Day 4: Waking up.
I think one of the most challenging things about emotional abuse is waking up. What I mean by that is emotionally becoming aware that you are being abused. It was especially challenging for me because I has always considered myself a strong person, a person that did not put up with other peoples feces. But somewhere along the way that person fell asleep at the wheel as it were, or perhaps traded somethings for other things, or just got caught unaware and became trapped. I really don’t know at this point what happened. What I do know is that one day I woke up to the realization 5 days out of seven I was stressed to the max at my job, and on the weekends there was no relief. In retrospect I was so stressed out by my job that by the time I got home I was too exhausted to care, and I was too busy griping about the drama at work to notice. It was on the weekends that I needed a rest, some TLC, and an outlet. Once I realized that I began to feel empty.
It is amazing how the human consciousness will take certain memories and file them under warehouse 13 – snagged, tagged, and bagged: never to be accessed again. While other memories ~ they linger and are just as real as if they are happening all over again. From a spiritual perspective, those memories hold energy that can be cleared and release; however, from a psychological standpoint they have to be worked through and made peace with. The emotional self esteem has to be rebuilt.
So at one point I decided it was time to become less stressed at my job, and begin to build a home life that was more nurturing and satisfying. It was not long after that that I reached out to my significant other to begin to build a relationship that was to be based on love and respect and centered around interesting conversation, not on discussing the drama of work.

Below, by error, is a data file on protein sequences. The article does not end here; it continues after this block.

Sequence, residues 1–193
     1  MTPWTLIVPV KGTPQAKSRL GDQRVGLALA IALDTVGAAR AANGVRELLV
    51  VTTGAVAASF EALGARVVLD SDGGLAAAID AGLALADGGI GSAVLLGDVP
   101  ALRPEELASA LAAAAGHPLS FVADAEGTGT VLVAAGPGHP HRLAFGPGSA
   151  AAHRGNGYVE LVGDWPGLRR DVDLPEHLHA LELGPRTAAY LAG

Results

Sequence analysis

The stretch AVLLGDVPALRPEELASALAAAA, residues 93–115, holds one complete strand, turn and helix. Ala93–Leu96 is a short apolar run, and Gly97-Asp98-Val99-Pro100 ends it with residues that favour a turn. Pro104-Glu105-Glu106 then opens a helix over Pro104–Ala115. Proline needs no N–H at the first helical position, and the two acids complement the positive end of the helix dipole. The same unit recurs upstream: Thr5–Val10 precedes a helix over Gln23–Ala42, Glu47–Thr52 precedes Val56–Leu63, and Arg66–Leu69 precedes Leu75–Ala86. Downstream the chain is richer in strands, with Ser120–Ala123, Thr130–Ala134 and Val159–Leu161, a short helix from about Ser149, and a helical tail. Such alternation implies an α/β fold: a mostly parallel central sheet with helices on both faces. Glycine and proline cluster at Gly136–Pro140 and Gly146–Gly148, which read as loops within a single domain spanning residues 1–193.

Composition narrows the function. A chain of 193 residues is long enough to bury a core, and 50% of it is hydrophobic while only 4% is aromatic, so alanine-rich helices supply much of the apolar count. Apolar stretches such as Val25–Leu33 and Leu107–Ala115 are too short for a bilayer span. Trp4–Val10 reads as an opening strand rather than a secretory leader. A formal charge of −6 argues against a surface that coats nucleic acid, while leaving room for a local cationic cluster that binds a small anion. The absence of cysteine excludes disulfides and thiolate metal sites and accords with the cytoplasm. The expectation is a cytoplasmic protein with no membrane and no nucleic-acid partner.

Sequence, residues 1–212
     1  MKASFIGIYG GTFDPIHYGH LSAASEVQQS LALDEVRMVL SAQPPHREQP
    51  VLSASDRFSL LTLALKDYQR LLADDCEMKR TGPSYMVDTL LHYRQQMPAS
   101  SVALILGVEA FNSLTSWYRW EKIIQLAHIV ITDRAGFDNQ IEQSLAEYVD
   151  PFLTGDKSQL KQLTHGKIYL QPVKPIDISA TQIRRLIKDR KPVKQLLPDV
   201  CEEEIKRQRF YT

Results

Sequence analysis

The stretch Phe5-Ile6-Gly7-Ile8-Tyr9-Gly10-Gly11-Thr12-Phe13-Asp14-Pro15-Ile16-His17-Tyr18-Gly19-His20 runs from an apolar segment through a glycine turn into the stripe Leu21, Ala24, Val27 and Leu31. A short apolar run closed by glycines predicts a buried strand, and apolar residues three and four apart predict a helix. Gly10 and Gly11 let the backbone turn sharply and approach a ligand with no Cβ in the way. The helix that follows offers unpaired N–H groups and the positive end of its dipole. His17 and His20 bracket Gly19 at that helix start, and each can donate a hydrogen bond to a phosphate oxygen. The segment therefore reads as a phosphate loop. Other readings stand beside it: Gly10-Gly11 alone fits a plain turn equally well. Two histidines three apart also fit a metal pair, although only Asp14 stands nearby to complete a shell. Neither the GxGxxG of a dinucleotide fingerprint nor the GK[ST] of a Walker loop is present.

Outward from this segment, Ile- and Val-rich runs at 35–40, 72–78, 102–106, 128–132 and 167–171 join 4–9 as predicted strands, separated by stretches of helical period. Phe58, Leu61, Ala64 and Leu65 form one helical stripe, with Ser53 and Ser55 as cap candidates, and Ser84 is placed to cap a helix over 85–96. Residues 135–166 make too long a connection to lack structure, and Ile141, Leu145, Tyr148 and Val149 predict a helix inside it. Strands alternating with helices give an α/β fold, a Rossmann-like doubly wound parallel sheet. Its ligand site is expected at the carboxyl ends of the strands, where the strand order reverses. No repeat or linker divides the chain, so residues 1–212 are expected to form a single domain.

I remember asking him about something and we ended up in an argument about something that we both had very different perspectives on. I do not remember now what that something was, but I do remember that I was very annoyed because it became more about meeting in the middle or even agreeing to disagree than it was about the object of the conversation. I was so frustrated. It made no sense to my why a person would so strongly hold onto being right at the risk of alienating the other person; further, why they refused to agree to disagree.
What did occur to me was that no matter how much energy I put into creating a middle ground that we could agree on, the ground became like quick sand. It soon became apparent that any sort of resolution was nothing more than an endless moving target. That is when I first decided that it was time to leave, and that is when the cycle of abuse began.
It is time for us to rise out of the darkness and into the light. This is my journey. May it bring you peace, and hope on your own journey, and as always make wise and safe choices.
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